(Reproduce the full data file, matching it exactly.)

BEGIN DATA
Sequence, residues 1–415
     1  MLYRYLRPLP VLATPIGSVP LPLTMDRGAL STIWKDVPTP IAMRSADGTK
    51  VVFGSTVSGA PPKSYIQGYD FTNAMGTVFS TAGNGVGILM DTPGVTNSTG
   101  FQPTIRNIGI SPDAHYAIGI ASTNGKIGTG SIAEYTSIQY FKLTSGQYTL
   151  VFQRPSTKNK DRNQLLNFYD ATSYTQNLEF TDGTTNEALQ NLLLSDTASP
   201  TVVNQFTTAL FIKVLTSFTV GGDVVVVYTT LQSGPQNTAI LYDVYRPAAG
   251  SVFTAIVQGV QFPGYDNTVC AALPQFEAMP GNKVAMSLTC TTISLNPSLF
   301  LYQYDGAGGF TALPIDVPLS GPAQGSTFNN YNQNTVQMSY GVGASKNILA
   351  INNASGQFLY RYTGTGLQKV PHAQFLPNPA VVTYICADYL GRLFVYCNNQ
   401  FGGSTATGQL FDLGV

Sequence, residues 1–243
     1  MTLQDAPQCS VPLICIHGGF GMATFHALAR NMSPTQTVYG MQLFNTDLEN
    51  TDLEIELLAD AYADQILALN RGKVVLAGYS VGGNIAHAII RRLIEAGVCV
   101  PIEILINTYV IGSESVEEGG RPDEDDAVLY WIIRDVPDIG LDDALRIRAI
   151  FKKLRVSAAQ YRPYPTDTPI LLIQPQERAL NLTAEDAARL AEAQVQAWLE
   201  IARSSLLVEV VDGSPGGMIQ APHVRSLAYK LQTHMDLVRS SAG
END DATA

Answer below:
Sequence, residues 1–415
     1  MLYRYLRPLP VLATPIGSVP LPLTMDRGAL STIWKDVPTP IAMRSADGTK
    51  VVFGSTVSGA PPKSYIQGYD FTNAMGTVFS TAGNGVGILM DTPGVTNSTG
   101  FQPTIRNIGI SPDAHYAIGI ASTNGKIGTG SIAEYTSIQY FKLTSGQYTL
   151  VFQRPSTKNK DRNQLLNFYD ATSYTQNLEF TDGTTNEALQ NLLLSDTASP
   201  TVVNQFTTAL FIKVLTSFTV GGDVVVVYTT LQSGPQNTAI LYDVYRPAAG
   251  SVFTAIVQGV QFPGYDNTVC AALPQFEAMP GNKVAMSLTC TTISLNPSLF
   301  LYQYDGAGGF TALPIDVPLS GPAQGSTFNN YNQNTVQMSY GVGASKNILA
   351  INNASGQFLY RYTGTGLQKV PHAQFLPNPA VVTYICADYL GRLFVYCNNQ
   401  FGGSTATGQL FDLGV

Sequence, residues 1–243
     1  MTLQDAPQCS VPLICIHGGF GMATFHALAR NMSPTQTVYG MQLFNTDLEN
    51  TDLEIELLAD AYADQILALN RGKVVLAGYS VGGNIAHAII RRLIEAGVCV
   101  PIEILINTYV IGSESVEEGG RPDEDDAVLY WIIRDVPDIG LDDALRIRAI
   151  FKKLRVSAAQ YRPYPTDTPI LLIQPQERAL NLTAEDAARL AEAQVQAWLE
   201  IARSSLLVEV VDGSPGGMIQ APHVRSLAYK LQTHMDLVRS SAG